• — The USSR has met only limited successes in North Africa despite its pro-Arab positions. The future will depend on the extent of satisfactory European-North African relationships and the course of events in the Near East.
  • — Détente in the Maghreb is welcome but fragile, at least in the short term. While limited cooperation may be possible in economic fields, the most serious long-term impediment may be the latent Algerian tendency to seek regional hegemony.
  • — In short, a relative decline in the US position can be expected over the next 3-5 years because of warming North African relations with Europe, the downward trend in U.S. assistance, the U.S. identification with Israel.

II. OPERATIONAL ISSUES

Apart from the question of general U.S. posture toward North Africa, a number of operational issues are before the U.S.

A.
USN Communications Station in Kenitra, Morocco. This is an important part of the system used to communicate with US naval forces in the Mediterranean and with CINCSTRIKE forces that might be deployed into the area. [text not declassified] Moving the facility to Spain would cost at least $9 million and operations might be degraded. There is no immediate question about the tenure of this facility, but a lessening of U.S. aid or a change in Morocco's political posture would raise one. The question is whether we should begin relocating or wait till pressures develop.
B.
Libyan F-5's. In June 1969 the former Libyan Government received a U.S. letter of offer to sell eight F-5 aircraft for delivery in early 1971 to supplement 10 purchased in 1967. The change in government and the U.S. withdrawal from Wheelus changes the original assumption of the program—that working with the Libyan air force would be a useful way of prolonging U.S. tenure at Wheelus. Now the new Libyan government is pressing us to say whether delivery will be made.
C.
European preferences. Arrangements for partial association with the European Common Market have been negotiated by Morocco and Tunisia. Algerian special arrangements derived from the Treaty of Rome but have been cut back. All of these special arrangements entail preferences that discriminate against U.S. as well as other third-country exports. The U.S. has protested against these arrangements as inconsistent with the GATT. [Page 5]At the same time the U.S. is interested in seeing closer North African ties with Europe evolve. The question arises whether the U.S. would wish to qualify its blanket opposition to preferential agreements not conforming to GATT.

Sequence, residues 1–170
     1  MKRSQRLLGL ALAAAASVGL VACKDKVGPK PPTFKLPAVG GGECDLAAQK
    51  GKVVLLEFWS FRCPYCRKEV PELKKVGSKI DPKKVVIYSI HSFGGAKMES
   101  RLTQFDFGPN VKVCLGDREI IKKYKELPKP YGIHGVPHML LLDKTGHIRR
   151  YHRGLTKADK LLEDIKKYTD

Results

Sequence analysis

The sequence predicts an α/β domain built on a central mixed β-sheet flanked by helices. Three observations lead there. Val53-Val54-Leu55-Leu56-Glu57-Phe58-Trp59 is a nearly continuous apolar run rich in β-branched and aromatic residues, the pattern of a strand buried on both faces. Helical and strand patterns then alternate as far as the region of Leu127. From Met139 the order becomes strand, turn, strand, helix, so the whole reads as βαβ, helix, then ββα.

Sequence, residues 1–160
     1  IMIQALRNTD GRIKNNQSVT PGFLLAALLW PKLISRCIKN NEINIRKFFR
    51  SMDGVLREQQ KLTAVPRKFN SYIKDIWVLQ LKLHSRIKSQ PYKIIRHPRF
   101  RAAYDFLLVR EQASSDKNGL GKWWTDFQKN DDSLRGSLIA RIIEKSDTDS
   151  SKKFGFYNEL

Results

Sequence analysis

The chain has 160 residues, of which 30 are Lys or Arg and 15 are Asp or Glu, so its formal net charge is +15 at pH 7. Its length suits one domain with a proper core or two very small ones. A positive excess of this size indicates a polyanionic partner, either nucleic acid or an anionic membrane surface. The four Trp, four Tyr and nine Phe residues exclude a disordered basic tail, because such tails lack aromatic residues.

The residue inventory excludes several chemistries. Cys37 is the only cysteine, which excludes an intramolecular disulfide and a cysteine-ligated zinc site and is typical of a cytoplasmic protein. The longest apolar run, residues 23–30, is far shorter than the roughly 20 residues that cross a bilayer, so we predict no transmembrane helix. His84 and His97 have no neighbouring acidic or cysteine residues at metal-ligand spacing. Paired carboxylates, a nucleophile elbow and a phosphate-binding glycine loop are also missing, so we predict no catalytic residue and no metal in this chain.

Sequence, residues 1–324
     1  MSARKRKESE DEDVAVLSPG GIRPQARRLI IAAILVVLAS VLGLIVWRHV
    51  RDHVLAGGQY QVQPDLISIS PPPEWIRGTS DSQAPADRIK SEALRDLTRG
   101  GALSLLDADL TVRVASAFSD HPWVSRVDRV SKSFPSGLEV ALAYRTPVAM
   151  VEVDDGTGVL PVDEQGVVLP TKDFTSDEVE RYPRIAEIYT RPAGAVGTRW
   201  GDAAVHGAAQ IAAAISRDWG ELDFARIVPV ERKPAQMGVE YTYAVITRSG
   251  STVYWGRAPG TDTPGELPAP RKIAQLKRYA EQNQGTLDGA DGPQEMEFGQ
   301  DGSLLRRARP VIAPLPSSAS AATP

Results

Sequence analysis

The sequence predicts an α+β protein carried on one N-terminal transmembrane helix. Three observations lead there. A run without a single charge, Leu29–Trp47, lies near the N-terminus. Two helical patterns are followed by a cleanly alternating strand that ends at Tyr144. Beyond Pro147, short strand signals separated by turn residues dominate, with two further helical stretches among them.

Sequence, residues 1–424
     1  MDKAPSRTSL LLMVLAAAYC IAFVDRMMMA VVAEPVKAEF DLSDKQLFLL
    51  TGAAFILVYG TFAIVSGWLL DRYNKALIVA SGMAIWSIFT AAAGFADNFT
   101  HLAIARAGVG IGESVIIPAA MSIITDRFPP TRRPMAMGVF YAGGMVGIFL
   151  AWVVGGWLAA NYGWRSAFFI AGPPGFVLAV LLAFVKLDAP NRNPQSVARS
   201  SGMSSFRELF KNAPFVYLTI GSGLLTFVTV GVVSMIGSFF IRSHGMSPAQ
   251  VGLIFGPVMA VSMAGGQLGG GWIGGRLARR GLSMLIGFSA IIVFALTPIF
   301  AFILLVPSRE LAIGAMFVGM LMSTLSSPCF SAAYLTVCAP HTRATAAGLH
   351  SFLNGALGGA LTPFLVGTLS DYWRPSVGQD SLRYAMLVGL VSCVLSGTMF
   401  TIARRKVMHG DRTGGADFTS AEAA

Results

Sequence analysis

D.
Military assistance—Morocco and Tunisia. Current programs are running at a level of $7 million in credit sales to Morocco and $3 million in grants to Tunisia. The problem arises to what extent the U.S. should go on providing such assistance to what may turn out to be transitory regimes in the face of Congressional opposition to providing such aid to developing countries-especially Arab countries.
E.
Economic assistance—Morocco and Tunisia. U.S. aid is declining (1) because appropriations are declining and (2) because AID has deliberately encouraged a multilateral framework for aid (IBRD consultative group). Are there political reasons for trying to maintain present levels?
F.
The third country surrogate. The French are seeking a predominant political role—for primarily French and not broad Western or U.S. interests in mind. The question exists to what extent the Western European presence in North Africa may compete with and not necessarily complement U.S. interests.
G.
U.S. intervention. In view of U.S. interests in Morocco and Tunisia, the question has been posed, especially by Tunisia, whether the U.S. would move if Tunisia were attacked either by Algeria or Libya. While avoiding a security guarantee which would be politically difficult in the U.S., the U.S. in its contingency planning could decide for itself how far it would be willing to go.
H.
Relations with Algeria. The Hickenlooper Amendment to the Foreign Assistance Act makes impossible the extension of economic assistance to Algeria from public funds so long as Algeria does not take appropriate steps to provide prompt [Page 6]and adequate compensation for American property it has sequestered. This precludes conclusion of an investment guaranty agreement. The question arises whether the Executive Branch should seek repeal of the Amendment or other legislative measures that would make a guaranty possible.

III. POLICY ALTERNATIVES

The strategies outlined below are applied to the issues described above in the table at the last page of this summary. The broad alternatives are:

Alternative 1—“low political profile.” To withdraw from an active official role in North Africa and to leave primary responsibility in the hands of the Western Europeans.